introducing readers to writers since 1995

November 16, 2004

"The Most Beautiful, Perfect Moment Possible"

by Ron Hogan


While I stayed home and wrote about '70s films, the Significant Other went out last week to watch NYT art critic Michael Kimmelman interview Gregory Crewdson, one of our favorite photographers--and no stranger to NYT magazine readers. He spoke about growing up in a Park Slope brownstone, trying to eavesdrop through the floor on the analysis sessions in his father's basement psychiatry office, then of falling into photography because of a college crush. After continued study at Yale, he moved to a small town in western Massachusetts and began exploring what he called "a style between documentary photo style and the cinematic approach."

Eventually the documentary element faded: "I became interested in more artificial lighting in everyday life and more fantastic images," while "the photos themselves were becoming overly familiar to me." Unsure where to go next, he eventually settled upon elaborately crafted tableaux. "Even though my pictures are very highly produced," he observed, "on some level I consider myself a realist. I want to create a sort of transparent world. I consider myself a psychological realist--trying to portray an inner reality by way of something tangible." Over the last few years, the Significant Other and I have become more and more convinced that he's getting it right--and while these online images are okay, and the books even better, you really do have to see an installation (if you can) and view the prints at their fullest size.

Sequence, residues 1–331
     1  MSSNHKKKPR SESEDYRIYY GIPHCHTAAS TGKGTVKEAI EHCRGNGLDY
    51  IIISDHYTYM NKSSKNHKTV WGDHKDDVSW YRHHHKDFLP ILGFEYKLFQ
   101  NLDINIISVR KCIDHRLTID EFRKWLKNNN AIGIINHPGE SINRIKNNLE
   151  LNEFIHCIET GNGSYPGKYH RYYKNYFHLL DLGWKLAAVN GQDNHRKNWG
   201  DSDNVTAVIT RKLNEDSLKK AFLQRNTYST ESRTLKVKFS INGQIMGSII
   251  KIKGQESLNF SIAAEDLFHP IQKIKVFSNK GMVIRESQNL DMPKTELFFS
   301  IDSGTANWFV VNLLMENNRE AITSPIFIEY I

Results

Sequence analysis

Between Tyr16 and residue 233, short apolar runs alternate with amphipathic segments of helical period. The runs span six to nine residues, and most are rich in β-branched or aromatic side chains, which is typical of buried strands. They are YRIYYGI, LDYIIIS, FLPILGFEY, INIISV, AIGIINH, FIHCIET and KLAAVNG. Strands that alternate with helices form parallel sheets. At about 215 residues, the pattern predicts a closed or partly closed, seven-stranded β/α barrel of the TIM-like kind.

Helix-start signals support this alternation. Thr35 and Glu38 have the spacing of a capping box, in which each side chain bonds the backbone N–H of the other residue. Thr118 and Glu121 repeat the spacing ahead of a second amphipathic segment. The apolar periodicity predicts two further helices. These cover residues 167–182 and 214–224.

The S.O. took such good notes that I don't feel quite as bad about missing the conversation--too bad I'm not going to be able to send her out again when Kimmelman turns his attention to Sally Mann at Miami's Museum of Contemporary Art in two weeks.

If you enjoy this blog,
your PayPal donation
can contribute towards its ongoing publication.